Archive for the ‘General’ Category

The Real Split

What is the real defining split between conservatives and liberals? According to a recent article in Scientific American, research from the University of Pennsylvania indicates the fundamental difference is that “Conservatives tend to believe that strict divisions are an inherent part of life. Liberals do not.”

So… in practice this means that conservatives tend to be hierarchal absolutists, seeing all the elements of life as either black or white, and dividing elements of life into ranked categories with absolute bounds, while liberals are more likely to see things in shades of gray and to minimize categorical differences.

That’s why conservatives see gender as binary, despite the fact that every year babies are born with indeterminate sexual organs. And there’s been a fight over this as well, with the liberal side saying that one in a thousand children are born intersex, while the conservatives cite figures a hundred times smaller. But the plain fact is that there is a spectrum between genders, regardless of the numbers, and this spectrum has been found in 65,000 different species of animals as well.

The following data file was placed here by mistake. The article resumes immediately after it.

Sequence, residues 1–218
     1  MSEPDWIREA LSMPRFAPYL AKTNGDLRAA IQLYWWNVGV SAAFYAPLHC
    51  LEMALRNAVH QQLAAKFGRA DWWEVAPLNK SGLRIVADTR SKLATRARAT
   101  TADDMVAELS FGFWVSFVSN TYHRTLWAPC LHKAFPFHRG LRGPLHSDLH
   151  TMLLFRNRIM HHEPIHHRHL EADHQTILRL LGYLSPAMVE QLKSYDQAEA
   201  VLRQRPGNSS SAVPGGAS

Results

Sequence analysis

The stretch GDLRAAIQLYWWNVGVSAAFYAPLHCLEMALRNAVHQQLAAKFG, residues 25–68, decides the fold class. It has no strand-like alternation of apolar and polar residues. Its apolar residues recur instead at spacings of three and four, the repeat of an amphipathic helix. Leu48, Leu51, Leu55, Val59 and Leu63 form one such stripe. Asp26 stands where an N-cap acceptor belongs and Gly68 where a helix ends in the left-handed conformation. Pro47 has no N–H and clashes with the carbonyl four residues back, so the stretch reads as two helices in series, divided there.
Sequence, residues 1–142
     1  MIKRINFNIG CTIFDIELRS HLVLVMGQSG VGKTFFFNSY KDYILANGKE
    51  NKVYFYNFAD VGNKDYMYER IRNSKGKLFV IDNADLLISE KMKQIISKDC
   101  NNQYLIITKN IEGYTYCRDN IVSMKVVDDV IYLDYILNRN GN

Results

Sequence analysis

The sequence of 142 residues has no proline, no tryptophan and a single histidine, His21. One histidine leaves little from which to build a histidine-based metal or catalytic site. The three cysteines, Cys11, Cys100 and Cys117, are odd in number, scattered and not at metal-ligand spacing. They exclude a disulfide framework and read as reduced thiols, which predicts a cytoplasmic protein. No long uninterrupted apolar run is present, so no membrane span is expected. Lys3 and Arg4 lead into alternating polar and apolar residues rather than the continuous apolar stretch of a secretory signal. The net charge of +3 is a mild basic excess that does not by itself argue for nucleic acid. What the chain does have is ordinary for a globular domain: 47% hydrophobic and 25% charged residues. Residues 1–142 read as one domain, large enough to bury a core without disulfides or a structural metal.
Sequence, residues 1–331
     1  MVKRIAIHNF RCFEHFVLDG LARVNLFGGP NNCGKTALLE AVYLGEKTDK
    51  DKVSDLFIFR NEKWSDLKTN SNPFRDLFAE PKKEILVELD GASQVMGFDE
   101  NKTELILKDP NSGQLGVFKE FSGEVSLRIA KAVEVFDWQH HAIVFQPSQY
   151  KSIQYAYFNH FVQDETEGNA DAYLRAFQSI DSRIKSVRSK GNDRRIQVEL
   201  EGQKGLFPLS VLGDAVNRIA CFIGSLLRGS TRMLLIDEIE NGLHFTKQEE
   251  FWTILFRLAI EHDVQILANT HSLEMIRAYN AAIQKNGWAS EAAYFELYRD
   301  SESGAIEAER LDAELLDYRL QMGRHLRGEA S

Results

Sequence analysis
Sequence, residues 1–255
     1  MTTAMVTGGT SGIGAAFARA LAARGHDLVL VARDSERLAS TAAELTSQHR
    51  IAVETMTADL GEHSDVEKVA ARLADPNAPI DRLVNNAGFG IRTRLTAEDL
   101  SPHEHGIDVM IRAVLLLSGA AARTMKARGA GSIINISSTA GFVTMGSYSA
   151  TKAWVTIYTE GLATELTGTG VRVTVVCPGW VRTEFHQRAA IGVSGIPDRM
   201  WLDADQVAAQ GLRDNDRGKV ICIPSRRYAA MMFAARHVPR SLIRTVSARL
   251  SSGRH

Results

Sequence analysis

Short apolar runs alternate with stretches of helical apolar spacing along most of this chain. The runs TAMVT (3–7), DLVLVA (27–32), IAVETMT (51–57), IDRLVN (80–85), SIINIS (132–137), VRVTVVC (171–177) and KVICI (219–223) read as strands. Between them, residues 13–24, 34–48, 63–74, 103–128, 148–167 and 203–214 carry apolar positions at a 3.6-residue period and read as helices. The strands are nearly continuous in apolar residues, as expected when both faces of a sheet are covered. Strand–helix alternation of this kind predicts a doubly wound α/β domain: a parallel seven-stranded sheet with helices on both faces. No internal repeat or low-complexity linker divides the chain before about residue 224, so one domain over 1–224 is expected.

The problem created by the conservatives is that they want to impose absolute rigidity, which is a form of despotism, because people are different, and in the United States there are definite sub-cultures, even within the smallest of least populated states, so that excessively rigid rules and laws are too restrictive and actually generate conflict.

On the other side, liberals too often fail to recognize that a working society simply can’t physically have and maintain the scope of laws and regulations to suit everyone perfectly, and there do have to be some limits.

Too Few Limits?

When I was a young man, too many years ago, mass shootings were almost unknown, and never occurred at schools. Crude and lewd language was largely kept to back alleys or behind closed doors. Politicians – with a very few exceptions – shaded the truth rather than obliterated it.

Statistics show that crime spiked in the 1970-90 period and most crime rates, including murder, are at the same level as in 1950, although total numbers are up because the U.S. population has almost doubled since then.

The biggest differences I see involve the loss of societal and social limits on personal behavior. From what I can tell, most towns or cities over 50,000 people have problems with homeless people invading public spaces and even private commercial spaces, to the point that, in a growing number of cities, business owners have to clean up human filth and debris every morning before opening. With the outcries about past inhumane treatment of the mentally ill, governments have effectively abdicated most responsibility for either adequate treatment or lodging of those individuals, while dumping the problems these individuals create on the rest of society, as well as imposing additional costs on local governments.